Metformin acne Let’s know

Metformin acne.. The evidence that has been collected about hyperinsulinism ( insulin resistance ) as the main cause of acne coincides with the results of studies showing that the drug Metformin (Glucofage) is superior to contraceptive pills and Roacutane for the treatment of acne .

metformin acne

How does hyperinsulinism (insulin resistance) cause acne?

Those who consume excess carbohydrates in their diet cause an increase in insulin that causes acne in two ways:

Metformin acne.

In women Insulin stimulates in the ovaries the exaggerated production of male hormones. These women with excess Testosterone have male symptoms such as: androgenous alopecia (hair loss of greasy root), hirsutism (excess hair), increased fat in the abdomen, acne and sometimes even higher incidence of bi-sexuality.
In men and women, insulin directly stimulates the gland, causing acne
What is the treatment of acne?

The medicine Roacutane and especially the contraceptive pills (including Diane 35) worsen hyperinsulinism (insulin resistance) and although they initially reduce acne, by inhibiting the ovary, this is only temporarily because when the treatment is finished the insulin stimulates again in the Ovarian production in excess of the male hormone (Testosterone) causing acne.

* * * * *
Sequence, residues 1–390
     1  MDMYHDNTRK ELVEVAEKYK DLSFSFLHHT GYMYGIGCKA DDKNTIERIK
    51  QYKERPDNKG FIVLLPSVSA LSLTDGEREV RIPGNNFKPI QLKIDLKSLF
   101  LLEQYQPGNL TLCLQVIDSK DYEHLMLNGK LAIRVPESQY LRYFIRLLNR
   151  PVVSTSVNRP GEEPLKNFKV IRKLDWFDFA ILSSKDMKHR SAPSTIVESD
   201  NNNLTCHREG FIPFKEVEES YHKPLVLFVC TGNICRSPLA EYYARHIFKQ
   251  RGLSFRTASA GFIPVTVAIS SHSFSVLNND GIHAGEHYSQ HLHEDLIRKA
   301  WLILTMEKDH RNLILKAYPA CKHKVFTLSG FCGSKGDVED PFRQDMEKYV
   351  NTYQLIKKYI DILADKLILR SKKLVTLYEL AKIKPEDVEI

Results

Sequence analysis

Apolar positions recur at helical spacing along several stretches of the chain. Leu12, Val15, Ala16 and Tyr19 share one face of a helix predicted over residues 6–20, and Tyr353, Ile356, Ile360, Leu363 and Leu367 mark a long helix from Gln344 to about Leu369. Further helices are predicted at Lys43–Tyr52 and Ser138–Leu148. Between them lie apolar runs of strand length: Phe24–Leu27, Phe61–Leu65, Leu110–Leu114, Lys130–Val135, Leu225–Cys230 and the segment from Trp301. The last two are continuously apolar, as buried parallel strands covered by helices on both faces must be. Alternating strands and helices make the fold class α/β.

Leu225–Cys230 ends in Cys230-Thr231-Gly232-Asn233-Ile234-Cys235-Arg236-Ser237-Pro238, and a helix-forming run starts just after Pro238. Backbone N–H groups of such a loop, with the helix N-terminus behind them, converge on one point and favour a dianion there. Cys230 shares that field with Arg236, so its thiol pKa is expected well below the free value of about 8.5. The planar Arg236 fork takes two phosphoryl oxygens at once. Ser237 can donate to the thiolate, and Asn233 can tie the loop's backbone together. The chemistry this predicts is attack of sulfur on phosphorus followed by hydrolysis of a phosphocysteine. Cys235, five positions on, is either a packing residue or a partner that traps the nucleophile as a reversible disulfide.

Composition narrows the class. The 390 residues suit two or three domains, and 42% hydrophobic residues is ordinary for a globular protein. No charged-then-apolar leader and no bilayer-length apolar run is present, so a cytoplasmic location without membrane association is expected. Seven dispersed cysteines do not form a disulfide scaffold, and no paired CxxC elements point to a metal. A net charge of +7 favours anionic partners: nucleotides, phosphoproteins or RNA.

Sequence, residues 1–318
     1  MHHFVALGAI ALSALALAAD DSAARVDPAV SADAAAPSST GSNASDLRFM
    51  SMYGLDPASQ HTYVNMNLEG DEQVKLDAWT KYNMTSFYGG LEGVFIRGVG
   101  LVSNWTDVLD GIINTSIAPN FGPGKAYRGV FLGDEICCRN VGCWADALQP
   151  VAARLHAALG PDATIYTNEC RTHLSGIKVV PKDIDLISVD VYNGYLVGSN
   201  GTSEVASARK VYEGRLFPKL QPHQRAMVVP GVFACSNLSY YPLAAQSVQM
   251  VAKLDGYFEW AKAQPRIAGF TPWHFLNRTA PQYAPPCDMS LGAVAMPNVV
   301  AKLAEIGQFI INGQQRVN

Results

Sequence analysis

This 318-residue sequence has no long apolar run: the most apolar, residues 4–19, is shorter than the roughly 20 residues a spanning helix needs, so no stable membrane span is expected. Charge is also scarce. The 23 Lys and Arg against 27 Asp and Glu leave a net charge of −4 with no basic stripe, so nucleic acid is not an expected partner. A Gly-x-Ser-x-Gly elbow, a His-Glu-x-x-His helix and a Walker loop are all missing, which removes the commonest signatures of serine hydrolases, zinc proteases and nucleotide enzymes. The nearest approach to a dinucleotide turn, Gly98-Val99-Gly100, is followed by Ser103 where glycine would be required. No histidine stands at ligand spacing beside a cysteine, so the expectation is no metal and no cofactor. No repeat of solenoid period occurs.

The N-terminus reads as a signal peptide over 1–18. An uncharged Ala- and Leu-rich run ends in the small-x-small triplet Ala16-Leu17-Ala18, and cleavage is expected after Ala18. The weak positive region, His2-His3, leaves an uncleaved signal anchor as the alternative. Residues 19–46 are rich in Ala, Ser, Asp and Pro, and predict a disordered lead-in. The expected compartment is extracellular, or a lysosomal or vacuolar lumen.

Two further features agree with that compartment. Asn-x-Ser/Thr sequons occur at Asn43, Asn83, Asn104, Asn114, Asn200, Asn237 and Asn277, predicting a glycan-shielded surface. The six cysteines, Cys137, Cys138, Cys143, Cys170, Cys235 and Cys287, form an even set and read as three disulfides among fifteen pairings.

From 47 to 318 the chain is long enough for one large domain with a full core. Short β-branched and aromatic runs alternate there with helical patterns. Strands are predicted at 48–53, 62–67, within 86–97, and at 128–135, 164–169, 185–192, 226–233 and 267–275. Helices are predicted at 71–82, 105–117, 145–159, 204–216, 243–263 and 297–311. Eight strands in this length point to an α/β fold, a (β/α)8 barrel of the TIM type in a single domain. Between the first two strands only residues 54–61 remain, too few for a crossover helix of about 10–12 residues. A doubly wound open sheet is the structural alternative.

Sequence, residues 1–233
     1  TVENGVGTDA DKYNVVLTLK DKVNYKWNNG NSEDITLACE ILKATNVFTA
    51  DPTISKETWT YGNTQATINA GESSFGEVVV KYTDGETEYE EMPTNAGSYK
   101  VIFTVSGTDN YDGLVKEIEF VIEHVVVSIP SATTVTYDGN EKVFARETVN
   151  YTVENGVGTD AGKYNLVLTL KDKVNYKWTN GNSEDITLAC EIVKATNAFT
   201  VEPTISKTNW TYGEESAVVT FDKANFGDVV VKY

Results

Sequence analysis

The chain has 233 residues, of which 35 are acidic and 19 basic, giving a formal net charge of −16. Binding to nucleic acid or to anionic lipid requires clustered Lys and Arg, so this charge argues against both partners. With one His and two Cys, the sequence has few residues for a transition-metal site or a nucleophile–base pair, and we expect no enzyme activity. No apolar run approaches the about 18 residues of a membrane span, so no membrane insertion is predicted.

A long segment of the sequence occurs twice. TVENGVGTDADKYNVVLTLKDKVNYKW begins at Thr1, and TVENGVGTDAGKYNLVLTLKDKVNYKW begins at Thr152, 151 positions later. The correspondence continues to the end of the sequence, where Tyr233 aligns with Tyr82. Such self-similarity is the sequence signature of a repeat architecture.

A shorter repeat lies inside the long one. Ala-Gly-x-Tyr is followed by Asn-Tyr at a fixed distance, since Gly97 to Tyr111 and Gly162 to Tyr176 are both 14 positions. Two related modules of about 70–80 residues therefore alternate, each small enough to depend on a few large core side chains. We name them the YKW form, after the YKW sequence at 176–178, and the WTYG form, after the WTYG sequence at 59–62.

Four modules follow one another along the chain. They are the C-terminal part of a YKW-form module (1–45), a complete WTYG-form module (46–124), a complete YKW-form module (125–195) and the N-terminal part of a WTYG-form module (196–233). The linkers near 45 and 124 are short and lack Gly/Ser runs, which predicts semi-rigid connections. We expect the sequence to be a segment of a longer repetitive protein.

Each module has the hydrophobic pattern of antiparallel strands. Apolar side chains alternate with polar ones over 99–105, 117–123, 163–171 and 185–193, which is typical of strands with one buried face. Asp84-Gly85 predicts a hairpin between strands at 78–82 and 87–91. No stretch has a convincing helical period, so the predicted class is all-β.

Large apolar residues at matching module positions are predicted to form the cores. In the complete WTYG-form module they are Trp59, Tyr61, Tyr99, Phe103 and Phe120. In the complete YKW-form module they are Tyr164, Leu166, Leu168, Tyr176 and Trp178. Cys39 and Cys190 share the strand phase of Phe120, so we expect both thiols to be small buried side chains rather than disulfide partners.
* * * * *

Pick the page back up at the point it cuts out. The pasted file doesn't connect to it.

The most important treatment to really cure the cause of acne is to follow a healthy lifestyle like Ni One Diet More to improve the action of insulin.

In many cases, just carrying the lifestyle Ni One Diet More is enough for acne and the other symptoms of hyperinsulinism to disappear completely.

The drug Metformin (Glucofage) has also proven to be very useful as a treatment for acne without the side effects of birth control pills. Sometimes in women with very severe acne cases in addition to the Ni Diet One More Lifestyle and the drug Metformin (Glucofage) it is necessary to temporarily take a medication to lower male hormones.

Antiadrogenic Drugs : Medicines to decrease Testosterone

Flutamide (Etaconil, Eulexin)
Cyproterone acetate (Androcur)
Finasteride (Proscar, Propecia, Fincar, Finpecia, Finax, Finast, Finara, Finish, Prosteride, Gefina, Appecia, Finasterid IVAX, Finasterid, Alternova)
Spironolactone (Aldactone) is a diuretic but with action against Testosterone.
The use of antiandrogens is very delicate and should always be taken under strict medical supervision.

Antiandrogen drugs affect the development of the fetus when they are used during pregnancy so they should never be taken by women with any chance of becoming pregnant. It is important to know that many women have unplanned pregnancies and they only know about pregnancy 4-8 weeks after onset.